Up and coming trips:

Up and coming trips:

2016 – BURMA: IN THE FOOTSTEPS OF MY FATHER – I am currently researching the Royal Berkshire Regiment as my father was stationed with them as a soldier back in the 1940’s, he told me many interesting stories which I would like to incorporate into the write up as well as tracking where they went and trekking those areas.

ALSO a possible follow up trip to MADAGASCAR with the team who I met out there formerly, this time instead of the North we will explore the South!

2017 – INDONESIA: THE LIFE OF KOMODO DRAGONS – I have been sketching out ideas for a possible trip to Indonesia to film and observe the behaviour of the Prehistoric looking Komodo Dragons, in 2017 there will also be an Eclipse, I initially thought that this would be a good time to go, however it may attract a large number of tourist, which would defeat the object for me as I prefer quiet times with wildlife and off the beaten track, so will be looking into this further.

EXPLORERS GUIDES (Part 1 How to Travel Safely in Rainforests)

Explorers Guide

Part 1 How to Travel Safely in Rain forests

When embarking on any adventure it is essential to have an awareness of the area you are travelling to and a backup plan in place in case things go wrong, which, more often than not, they can do.

Firstly, where are you going? What type of trip are you taking? What is the weather like there, the terrain, the wildlife to be aware of….. and the list goes on, however it is essential to have some of this knowledge before you embark on such a venture.

Lets look at Rain forests in this piece, the planet is a fascinating place to explore and Rain forests for me personally are the ultimate in looking for insects to photograph, which is one of my passions, however it is very wise to know where you are setting foot, so here are some notes that I hope will help.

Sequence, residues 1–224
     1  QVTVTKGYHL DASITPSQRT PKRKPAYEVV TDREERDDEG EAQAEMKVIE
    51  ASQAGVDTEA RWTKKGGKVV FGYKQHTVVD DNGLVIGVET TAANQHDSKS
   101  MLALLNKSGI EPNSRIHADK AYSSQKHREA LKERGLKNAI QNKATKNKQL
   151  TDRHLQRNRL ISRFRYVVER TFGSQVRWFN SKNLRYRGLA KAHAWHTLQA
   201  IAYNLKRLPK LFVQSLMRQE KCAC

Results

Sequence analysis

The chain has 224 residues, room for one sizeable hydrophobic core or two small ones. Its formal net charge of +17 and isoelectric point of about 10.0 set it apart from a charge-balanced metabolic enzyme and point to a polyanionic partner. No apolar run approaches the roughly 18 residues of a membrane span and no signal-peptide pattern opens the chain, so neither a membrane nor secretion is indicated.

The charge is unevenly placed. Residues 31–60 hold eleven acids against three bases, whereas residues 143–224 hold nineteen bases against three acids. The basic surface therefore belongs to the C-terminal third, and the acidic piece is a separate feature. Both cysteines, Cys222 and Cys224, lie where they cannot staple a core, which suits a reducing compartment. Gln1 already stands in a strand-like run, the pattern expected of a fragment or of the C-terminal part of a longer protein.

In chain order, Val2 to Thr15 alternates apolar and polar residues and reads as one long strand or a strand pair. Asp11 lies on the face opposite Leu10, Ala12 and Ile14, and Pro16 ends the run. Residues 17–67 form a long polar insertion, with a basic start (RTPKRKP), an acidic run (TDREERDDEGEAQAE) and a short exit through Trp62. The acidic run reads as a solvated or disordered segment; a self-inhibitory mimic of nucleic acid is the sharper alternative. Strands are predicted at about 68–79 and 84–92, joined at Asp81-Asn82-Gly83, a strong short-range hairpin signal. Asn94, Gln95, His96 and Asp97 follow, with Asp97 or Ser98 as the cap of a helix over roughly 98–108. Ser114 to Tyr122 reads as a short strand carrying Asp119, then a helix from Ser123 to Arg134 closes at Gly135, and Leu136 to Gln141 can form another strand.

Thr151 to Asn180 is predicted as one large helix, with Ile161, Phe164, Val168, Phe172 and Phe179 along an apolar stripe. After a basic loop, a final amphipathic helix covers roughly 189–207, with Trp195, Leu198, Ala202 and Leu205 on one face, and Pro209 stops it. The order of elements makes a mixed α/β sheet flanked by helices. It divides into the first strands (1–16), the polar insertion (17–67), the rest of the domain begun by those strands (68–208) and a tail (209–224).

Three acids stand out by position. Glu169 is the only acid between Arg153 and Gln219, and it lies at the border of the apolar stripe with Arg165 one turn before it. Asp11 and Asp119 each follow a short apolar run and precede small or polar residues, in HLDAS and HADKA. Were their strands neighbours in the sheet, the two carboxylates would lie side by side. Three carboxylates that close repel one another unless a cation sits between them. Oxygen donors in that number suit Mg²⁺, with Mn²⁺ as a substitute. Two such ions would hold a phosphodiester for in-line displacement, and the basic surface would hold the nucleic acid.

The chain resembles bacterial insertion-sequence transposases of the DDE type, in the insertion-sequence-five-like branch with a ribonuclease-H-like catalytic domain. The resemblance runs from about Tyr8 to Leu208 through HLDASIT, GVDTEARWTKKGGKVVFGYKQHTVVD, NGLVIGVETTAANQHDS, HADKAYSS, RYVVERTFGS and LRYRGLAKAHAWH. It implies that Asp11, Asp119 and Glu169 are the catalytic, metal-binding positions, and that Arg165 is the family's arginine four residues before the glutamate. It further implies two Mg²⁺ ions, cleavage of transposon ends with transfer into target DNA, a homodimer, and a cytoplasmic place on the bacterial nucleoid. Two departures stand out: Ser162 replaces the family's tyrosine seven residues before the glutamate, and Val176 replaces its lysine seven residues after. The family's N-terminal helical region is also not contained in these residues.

Top Tips for visiting Rain forests
This advice is more for hiking through dense forest based on experience; however, I hope it will be valuable as a general guide also.

Monsoon Season – The word monsoon comes from the Arabic language “mausim”, meaning season, always research and find out when the rainy seasons are before you make any firm plans, here is a quick guide to some here:

South American Rain forests – The Amazon has two seasons consisting of the monsoon and the dry, the rainy season runs from December to June and it can rain for short bursts during April and May. The dry season runs from July through to November, there is less rain, although of course showers are still possible, which is why we refer to it as a rain forest.

Central American Rain forests – The Rainy season in Costa Rica runs from May through to November/December while the Dry season runs from December through to April. The hotter sunshiny months are from March to May and the cooler months of the year are from November through to January.

South East Asia – The Rain forests of Southeast Asian have four different seasons consisting of the winter northeast monsoon, the summer southwest monsoon and two inter monsoon seasons. The Northeast monsoon season runs from November to March with steady winds from the North and Northeast that blow from 10 to 30 knots. These winds originate all the way from Siberia creating severe weather such as Typhoons which are the Southern Hemisphere’s version of Hurricanes. The East coasts of the Southeast Asian islands get very heavy rainstorms during this time and the Southwest monsoon season is from late May to September where the winds do not blow as hard and the weather is a little drier. The seasons are continuously hot and humid with very little seasonal variation in temperature, it is really only the wind and the rains which are changeable.

Australias – There are four seasons in Australia with a main wet and dry season in the tropical north, the summer season runs from December to February, Autumn runs from March to May, Australia’s wintertime runs from June to August and Spring in Australia is from September to November.